Verizon said adjusted earnings for the three months ended in March fell more than 10% to 95 cents a share, missing analysts' forecasts of 96 cents. Revenue for the period fell 7.3% to $29.8 billion, Verizon said, again shy of the consensus forecast of around $30.57 billion.
"Our first-quarter results again demonstrated that customers value a high-quality network experience," said CEO Lowell McAdam. "To build on our loyal customer base and the third-party recognition we have received for network leadership, we extended our wireless and fiber network capabilities, began offering an unlimited pricing option and expanded our opportunities in new markets. We're executing on strategies to capture future growth and create long-term shareholder value."
Verizon said it sees 2017 revenue to be "fairly consistent with 2016" and that full-year capital spending would be in the range of $16.8 billion to $17.5 billion.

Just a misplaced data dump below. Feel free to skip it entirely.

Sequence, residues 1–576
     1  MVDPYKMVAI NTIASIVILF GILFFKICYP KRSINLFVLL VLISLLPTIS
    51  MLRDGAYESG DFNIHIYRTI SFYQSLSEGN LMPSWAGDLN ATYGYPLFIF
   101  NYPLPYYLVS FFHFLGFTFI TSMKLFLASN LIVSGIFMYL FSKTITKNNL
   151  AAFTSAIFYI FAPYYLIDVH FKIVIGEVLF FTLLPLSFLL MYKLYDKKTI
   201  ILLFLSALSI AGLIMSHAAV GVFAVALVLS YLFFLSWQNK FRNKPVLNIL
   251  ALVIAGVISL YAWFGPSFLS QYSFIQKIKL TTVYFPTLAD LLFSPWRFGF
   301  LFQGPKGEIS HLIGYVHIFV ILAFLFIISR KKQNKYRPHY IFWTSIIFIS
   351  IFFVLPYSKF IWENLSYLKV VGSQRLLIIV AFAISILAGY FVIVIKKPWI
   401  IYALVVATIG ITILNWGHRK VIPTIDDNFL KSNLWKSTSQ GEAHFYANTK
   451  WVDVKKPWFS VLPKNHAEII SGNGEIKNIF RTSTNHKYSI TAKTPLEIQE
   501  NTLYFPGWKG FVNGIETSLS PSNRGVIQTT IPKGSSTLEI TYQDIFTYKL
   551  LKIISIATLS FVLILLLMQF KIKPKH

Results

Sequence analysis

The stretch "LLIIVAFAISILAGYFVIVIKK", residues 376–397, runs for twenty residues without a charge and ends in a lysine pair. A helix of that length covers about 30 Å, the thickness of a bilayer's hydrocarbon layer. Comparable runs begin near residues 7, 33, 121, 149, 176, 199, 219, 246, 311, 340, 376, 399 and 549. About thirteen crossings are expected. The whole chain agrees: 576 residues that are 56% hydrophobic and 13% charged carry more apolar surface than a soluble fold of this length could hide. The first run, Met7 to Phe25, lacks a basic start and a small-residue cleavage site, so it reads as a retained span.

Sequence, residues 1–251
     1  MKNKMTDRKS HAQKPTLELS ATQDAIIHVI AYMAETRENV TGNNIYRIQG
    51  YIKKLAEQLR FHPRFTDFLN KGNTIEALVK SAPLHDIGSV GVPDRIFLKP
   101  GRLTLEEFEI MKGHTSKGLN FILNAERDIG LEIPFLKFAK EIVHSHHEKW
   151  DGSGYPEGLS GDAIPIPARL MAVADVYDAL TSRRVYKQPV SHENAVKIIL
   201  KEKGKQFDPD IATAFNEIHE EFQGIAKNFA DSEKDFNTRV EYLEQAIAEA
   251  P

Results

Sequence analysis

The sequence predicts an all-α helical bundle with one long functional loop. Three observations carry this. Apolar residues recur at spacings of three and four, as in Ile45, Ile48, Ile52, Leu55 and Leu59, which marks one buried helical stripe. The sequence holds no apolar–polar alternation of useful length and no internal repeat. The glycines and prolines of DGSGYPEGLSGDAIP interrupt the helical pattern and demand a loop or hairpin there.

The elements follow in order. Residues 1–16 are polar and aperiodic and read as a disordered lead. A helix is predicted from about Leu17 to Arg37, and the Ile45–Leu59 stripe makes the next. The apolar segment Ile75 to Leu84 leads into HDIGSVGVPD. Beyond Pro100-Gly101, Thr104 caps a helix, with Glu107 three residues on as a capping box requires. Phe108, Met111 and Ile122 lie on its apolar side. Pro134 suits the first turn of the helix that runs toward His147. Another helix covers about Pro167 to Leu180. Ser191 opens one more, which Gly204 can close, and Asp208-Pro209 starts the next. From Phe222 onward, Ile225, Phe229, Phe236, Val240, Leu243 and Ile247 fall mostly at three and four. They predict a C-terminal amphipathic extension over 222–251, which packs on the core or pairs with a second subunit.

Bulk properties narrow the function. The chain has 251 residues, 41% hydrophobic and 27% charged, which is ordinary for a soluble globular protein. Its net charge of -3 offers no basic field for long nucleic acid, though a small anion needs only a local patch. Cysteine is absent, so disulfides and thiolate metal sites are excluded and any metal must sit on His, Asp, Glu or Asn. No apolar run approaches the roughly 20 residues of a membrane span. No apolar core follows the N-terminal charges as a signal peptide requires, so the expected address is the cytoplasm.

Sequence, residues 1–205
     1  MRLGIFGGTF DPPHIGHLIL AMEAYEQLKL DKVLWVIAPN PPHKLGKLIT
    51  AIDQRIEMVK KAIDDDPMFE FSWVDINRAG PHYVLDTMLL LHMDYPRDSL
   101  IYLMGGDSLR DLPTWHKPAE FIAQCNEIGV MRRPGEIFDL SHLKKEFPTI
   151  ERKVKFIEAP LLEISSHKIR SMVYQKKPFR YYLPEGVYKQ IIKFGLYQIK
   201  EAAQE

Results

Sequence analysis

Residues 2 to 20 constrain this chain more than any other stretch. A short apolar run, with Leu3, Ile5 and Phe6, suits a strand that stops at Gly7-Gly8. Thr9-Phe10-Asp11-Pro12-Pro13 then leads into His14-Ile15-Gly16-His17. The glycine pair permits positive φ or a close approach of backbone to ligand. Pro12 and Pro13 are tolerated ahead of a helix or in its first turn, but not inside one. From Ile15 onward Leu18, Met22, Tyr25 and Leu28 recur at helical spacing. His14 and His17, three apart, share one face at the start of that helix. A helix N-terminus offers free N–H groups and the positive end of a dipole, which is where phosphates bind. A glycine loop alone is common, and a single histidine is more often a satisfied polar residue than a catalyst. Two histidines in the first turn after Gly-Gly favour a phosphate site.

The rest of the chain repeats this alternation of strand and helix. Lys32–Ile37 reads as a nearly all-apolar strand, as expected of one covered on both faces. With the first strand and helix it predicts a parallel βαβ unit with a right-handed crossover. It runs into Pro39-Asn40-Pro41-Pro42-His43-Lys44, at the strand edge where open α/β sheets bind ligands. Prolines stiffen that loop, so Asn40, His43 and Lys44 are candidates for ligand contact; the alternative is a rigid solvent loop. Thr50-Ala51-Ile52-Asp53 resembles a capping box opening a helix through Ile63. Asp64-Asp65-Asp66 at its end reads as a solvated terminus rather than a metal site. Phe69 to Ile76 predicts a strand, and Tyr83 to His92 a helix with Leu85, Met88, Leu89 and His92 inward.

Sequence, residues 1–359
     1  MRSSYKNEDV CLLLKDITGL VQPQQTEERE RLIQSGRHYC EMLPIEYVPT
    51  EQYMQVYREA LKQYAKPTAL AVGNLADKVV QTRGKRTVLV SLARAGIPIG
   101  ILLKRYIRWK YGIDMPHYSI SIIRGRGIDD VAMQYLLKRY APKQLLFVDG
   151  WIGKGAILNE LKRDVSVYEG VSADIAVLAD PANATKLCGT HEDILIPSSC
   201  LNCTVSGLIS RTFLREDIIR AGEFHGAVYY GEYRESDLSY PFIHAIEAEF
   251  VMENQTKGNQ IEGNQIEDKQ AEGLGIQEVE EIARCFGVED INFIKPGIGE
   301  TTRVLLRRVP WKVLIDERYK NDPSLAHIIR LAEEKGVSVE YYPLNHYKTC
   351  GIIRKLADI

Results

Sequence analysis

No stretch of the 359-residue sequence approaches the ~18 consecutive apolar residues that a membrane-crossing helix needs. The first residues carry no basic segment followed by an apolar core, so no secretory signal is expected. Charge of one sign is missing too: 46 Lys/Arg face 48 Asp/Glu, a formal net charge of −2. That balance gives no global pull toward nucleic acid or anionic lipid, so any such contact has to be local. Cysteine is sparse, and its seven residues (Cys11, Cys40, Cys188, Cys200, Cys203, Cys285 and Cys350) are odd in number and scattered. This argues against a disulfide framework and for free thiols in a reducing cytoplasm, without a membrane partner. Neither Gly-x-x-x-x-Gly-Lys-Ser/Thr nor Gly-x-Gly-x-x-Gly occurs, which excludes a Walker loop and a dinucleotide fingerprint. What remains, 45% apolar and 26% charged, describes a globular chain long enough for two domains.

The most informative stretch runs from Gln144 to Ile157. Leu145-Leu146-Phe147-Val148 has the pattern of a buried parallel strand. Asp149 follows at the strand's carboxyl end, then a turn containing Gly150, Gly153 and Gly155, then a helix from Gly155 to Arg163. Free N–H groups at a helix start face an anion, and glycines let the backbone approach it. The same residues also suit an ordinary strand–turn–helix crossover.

The earnings top an active -- although not always positive -- quarter for the carrier, which reluctantly launched an unlimited wireless service, announced the ill-received rebranding of its digital businesses under the Oath brand and opted not to acquire spectrum licenses in a government auction.
Verizon shares closed at $48.94 in New York Wednesday after falling 0.57% on the session, extending their three-month decline to around 6.5% against a 3.4% gain for the benchmark Dow Jones Industrial Average. Shares were indicated as much as 1.8% lower in premarket trading following the release.